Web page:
Another week, and yet another proclamation from the extremist group Izz ad-Din al-Qassam Cyber Fighters, who vow to continue their Distributed Denial of Service (DDoS) attacks on the websites of several financial organizations in protest of a controversial film. "We have repeatedly stated that removal of the offensive video, INNOCENCE OF MUSLIMS, from YouTube is the simplest solution to stop the cyber-attacks... You want to continue playing the game, yes?" the group said in their latest Pastebin post. But is their DDoS campaign simply bringing even more attention to the video they seek to quash? That would seem to be the case.
On January 8th, the group published a formula for calculating the projected duration of their DDoS operation dubbed Operation Ababil, and their estimate of the financial impact to the targeted organizations. The calculations are based on a number of factors, including on the total number of times the video in question has been viewed combined with the number of times viewers registered a “like” vote. The sum is then adjusted to account for the number of “dislikes” of the video, each instance of which is weighted by a factor of ten - that is to say, each "dislike" is considered to compensate for 10 "likes".
Taking into consideration some other subjective factors, such as the group's estimation that the attacks cost the targeted organizations $30,000 per minute and their decision that each "view" and "like" of the video in question should exact a $100 penalty, the group last week estimated that the DDoS campaign would continue for another 169 days in total over the course of about 56 weeks at an average of 7 hours of "DDoS attack success rate per day," with a total cost to the targeted organizations in the neighborhood of $2,467,114,300.
This week, the group recalculated their estimation based on the latest traffic figures available for the video, and determined the attacks would continue another 166 days in total over the course of about 55 weeks, and estimated the targeted organizations would lose about $2,469,200,400 as a result.
Here's the rub: Clips from the video were first uploaded to YouTube in July of 2012, and they created quite a stir, especially after the film was tied to violent uprisings and protests in the Middle East last September, about the same time Izz ad-Din al-Qassam Cyber Fighters began their attacks on the bank websites. But since that time, the mainstream media for the most part has only made mention of the film in relation to the continued DDoS attacks and speculation that the Iranian government may be orchestrating the whole operation, or that it may actually be a diversion initiated by cybercriminals seeking to distract the banks while they pilfer accounts.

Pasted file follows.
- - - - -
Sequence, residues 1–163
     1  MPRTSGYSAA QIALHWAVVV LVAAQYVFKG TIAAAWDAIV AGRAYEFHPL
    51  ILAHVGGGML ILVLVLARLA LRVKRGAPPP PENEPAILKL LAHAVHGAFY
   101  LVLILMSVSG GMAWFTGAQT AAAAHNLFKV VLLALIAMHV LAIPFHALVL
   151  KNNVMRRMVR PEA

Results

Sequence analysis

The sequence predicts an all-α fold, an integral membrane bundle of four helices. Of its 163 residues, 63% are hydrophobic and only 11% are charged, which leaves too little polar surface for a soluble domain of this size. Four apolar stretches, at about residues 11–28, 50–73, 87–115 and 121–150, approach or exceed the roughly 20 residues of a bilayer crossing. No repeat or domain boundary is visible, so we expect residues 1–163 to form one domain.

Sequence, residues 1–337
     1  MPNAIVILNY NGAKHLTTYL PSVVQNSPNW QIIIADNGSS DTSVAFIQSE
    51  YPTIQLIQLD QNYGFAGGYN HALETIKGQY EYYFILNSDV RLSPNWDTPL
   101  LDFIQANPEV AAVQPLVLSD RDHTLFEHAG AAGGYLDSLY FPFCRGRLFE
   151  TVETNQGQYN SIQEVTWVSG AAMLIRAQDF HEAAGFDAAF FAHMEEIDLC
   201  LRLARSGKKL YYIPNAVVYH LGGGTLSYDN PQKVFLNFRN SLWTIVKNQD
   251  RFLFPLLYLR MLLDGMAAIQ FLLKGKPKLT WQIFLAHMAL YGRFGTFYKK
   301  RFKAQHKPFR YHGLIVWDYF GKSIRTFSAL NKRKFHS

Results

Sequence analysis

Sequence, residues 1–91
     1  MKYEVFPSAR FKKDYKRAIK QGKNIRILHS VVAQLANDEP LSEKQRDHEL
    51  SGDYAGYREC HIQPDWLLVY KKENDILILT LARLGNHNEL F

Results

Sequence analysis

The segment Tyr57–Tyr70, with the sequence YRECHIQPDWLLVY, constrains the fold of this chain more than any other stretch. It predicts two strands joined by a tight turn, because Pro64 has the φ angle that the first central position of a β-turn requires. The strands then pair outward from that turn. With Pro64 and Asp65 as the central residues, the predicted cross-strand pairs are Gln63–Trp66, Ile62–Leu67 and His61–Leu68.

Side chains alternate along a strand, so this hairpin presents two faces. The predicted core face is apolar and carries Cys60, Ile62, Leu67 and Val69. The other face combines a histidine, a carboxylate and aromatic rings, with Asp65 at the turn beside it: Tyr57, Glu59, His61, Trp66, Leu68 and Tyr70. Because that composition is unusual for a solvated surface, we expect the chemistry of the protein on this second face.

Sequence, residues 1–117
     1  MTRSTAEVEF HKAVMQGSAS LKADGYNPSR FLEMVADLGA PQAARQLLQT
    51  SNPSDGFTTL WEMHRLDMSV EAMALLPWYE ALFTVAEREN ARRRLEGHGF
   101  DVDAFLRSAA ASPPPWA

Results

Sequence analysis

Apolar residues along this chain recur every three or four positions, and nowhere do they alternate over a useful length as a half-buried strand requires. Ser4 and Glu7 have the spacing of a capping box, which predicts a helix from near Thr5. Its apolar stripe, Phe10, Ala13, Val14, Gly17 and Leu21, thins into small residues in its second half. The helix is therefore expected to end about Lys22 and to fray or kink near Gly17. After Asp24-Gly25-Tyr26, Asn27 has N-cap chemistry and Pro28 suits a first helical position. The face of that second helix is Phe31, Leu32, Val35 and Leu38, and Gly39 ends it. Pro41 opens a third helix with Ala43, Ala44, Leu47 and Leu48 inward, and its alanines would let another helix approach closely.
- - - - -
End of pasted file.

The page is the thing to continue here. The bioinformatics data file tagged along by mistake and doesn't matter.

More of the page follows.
But for the continued denial of service attacks, the film may have simply faded into history and not garnered another 22,572 views over the last week (per the five links used in the group's calculations). Perhaps the Izz ad-Din al-Qassam Cyber Fighters should ask themselves whether their continued attacks on financial organizations are actually promoting the film they seek to discredit and have banned.
Even if a flood of "dislikes" on the video were to be registered, or the five URLs they are monitoring were removed, the group has stated that they would find more instances where the film has been posted to use in their calculations, as they noted several times that URLs with "less than 1,000,000 [views] are omitted for now" from their calculations, "but may be considered when those major ones are removed from YouTube."
Outright removal of the video from the Internet is unlikely to happen in a free society, and based on the group's own reasoning and the actions which keep the film in the headlines, they have created a circumstance where the attacks could continue in perpetuity. Let's just hope they lose interest and give up the game.
Regardless of the logic - or lack there of - behind Operation Ababil, DDoS attacks in general will continue to be a popular tactic due to the relative simplicity, low cost to conduct, and the large number of potential targets. Any and every organization with a presence on the Internet could find themselves a target of a denial of service attack.
Organizations concerned about their potential exposure to DDoS attacks are encouraged to take a free DDoS preparedness assessment test which provides a customized evaluation and recommendations for mitigation. The DDoS assessment can be conducted in a matter of minutes by following the instructions here: DDoS Preparedness Test.
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